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Mokry v. PartyLite Worldwide

August 20, 2009


The opinion of the court was delivered by: Virginia M. Kendall, United States District Judge Northern District of Illinois

Judge Virginia M. Kendall


Plaintiff Cynthia Mokry ("Mokry") sued her employer, Defendant PartyLite Worldwide, Inc. ("PartyLite"), alleging various acts of employment discrimination under Title VII of the Civil Rights Act of 1964 ("Title VII"), 42 U.S.C. § 2000e et seq., the Civil Rights Act of 1866, 42 U.S.C. § 1981, and the Age Discrimination and Employment Act of 1967 ("ADEA"), 29 U.S.C. § 621 et seq. Mokry claims that PartyLite failed to promote her and took disciplinary action against her based upon her race, national origin, gender and age. Additionally, she claims that PartyLite created a hostile work environment and retaliated against her. PartyLite now moves for summary judgment. For the reasons stated, PartyLite's Motion for Summary Judgment is granted.


PartyLite manufactures and distributes candle products from its facility in Carol Stream, Illinois. (Pl. 56.1 Resp. ¶¶ 1-2.)*fn1 In November 1998, at the age of 53, Mokry, an Hispanic woman of Mexican descent, began working as a cycle counter in PartyLite's warehouse. (Pl. 56.1 Resp. ¶ 6; Def. 56.1 Resp. ¶ 1.) In that position, Mokry operates a machine with a lift, known as an "order picker," to navigate through aisles in the warehouse so that she can count products on the warehouse shelves. (Pl. 56.1 Resp. ¶ 7.) The only other cycle counter on her shift is Jose Tapia, a male employee of Mexican descent. (Pl. 56.1 Resp. ¶ 73.) Tapia turned 40 years old in 2006. (Id.; Mokry Dep. at 73:7-8.)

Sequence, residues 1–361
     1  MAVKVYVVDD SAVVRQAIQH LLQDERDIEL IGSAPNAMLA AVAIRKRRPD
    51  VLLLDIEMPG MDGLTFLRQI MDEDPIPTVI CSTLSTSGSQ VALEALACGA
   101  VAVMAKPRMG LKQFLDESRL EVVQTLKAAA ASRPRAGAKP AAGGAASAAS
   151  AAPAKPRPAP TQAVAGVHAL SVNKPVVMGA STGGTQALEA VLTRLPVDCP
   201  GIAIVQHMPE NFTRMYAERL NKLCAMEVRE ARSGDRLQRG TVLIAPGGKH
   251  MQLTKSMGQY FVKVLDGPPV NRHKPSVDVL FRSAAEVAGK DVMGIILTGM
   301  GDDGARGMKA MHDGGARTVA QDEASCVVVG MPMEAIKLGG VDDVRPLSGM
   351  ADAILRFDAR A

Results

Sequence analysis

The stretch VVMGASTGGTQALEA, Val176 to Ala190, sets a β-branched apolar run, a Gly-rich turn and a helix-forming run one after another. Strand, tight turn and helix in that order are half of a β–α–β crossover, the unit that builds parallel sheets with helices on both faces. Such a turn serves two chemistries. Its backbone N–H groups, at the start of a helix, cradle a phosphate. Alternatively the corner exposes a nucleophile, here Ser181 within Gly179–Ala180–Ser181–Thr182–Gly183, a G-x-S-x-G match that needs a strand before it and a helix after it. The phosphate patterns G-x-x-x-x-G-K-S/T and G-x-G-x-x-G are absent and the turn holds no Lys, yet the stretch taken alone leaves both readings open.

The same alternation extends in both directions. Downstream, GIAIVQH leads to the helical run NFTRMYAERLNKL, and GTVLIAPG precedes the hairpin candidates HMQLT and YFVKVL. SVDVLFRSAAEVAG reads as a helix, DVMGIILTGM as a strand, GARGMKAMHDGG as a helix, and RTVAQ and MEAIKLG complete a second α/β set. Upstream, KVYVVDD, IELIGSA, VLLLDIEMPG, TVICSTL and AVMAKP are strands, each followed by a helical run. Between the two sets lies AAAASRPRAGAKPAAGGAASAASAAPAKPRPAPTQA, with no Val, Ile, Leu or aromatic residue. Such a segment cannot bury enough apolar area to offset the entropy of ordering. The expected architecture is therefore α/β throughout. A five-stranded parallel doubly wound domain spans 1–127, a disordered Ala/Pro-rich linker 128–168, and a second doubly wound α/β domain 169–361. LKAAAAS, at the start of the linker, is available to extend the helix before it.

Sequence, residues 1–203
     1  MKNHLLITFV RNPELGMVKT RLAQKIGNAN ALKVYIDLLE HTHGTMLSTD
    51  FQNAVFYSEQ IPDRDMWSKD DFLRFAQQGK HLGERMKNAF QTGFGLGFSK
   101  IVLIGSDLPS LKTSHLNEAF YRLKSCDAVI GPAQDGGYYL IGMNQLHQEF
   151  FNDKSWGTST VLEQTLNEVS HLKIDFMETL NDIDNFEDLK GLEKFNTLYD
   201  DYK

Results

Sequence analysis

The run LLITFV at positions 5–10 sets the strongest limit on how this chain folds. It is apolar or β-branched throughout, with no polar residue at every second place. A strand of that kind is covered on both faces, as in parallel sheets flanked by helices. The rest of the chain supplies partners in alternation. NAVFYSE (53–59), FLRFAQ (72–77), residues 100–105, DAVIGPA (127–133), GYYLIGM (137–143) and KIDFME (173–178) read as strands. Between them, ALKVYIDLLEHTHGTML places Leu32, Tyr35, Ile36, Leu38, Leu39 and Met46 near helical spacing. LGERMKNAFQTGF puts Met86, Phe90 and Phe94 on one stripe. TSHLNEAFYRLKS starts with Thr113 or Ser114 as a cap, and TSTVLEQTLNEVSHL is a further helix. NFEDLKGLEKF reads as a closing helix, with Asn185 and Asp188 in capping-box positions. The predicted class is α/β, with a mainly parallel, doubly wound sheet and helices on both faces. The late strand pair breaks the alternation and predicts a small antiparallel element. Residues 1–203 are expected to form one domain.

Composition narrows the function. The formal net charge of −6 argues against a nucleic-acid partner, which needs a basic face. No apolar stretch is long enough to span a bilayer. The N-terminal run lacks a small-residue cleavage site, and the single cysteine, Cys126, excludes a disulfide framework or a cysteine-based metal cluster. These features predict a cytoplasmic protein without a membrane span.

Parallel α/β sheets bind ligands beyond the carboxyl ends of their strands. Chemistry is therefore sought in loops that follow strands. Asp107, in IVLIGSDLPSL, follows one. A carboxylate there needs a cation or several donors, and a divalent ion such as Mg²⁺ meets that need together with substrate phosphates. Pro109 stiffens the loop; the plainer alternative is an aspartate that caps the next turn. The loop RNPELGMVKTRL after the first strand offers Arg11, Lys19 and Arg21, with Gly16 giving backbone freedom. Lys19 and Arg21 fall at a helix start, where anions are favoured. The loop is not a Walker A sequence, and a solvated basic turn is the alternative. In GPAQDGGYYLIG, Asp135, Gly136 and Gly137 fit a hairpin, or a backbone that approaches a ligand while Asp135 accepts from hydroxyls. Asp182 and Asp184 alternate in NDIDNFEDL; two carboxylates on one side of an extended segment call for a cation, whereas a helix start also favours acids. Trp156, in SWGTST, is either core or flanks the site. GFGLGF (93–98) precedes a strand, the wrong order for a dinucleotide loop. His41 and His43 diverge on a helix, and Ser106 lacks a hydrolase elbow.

Carlos Corcelles ("Corcelles") serves as the Director of Human Resources for PartyLite's Carol Stream facility and oversees all human resource functions. (Def. 56.1 Resp. ¶ 2.) He reports to Joe Salierno, Vice President of Worldwide Distribution. (Id.) When Mokry started working at PartyLite, she reported to Kim Lammlin. (Def. 56.1 Resp. ¶ 24.) Don Chapman ("Chapman"), Harry Campbell ("Campbell"), Frank Zabala ("Zabala") and Don Quinn ("Quinn") also supervised her work. (Pl. 56.1 Resp. ¶ 68; Def. 56.1 Resp. ¶ 27; Mokry Dep. at 27:2.)

During the course of her employment at PartyLite, the company maintained a file named "Employee Warning/Discussion History for Cynthia Mokry" to document incidents and warnings that Mokry received. (Pl. 56.1 Resp. ¶ 14.) Since 1999, PartyLite has disciplined or spoken to Mokry regarding violations of PartyLite's safety, attendance, reporting and employee conduct policies sixteen times. (Pl. 56.1 Resp. ¶ 29.) For example, in 1999, PartyLite gave Mokry a written warning for violating safety rules when someone observed her lying on the dock floor taking pictures of one of her co-workers. (Pl. 56.1 Resp. ¶ 30.)

In 1999, Mokry was on vacation on the day that PartyLite issued paychecks to its employees, so she called Lammlin to make arrangements to pick up her check during a particular day. (Def. 56.1 Resp. ¶ 24; Mokry Dep. at 25:6-8.) Lammlin was the only employee that had access to the locked area that held the paychecks. (Mokry Dep. at 25:1-4.) When Mokry arrived at the office that day, Lammlin was in a meeting. (Mokry Dep. at 24:23.) Lammlin was angry with Mokry when she emerged from the meeting, so she retrieved the check from the locked area and threw it at Mokry. (Def. 56.1 Resp. ¶ 24; Mokry Dep. at 24:23.) Mokry had to pick the check up from the floor. (Def. 56.1 Resp. ¶ 24.) Although Mokry claims that Lammlin acted towards her in a derogatory fashion that day, she admits that Lammlin never said anything derogatory about Mokry's national origin, age, race or gender. (Def. 56.1 Resp. ¶ 24; Mokry Dep. at 36:12-17.)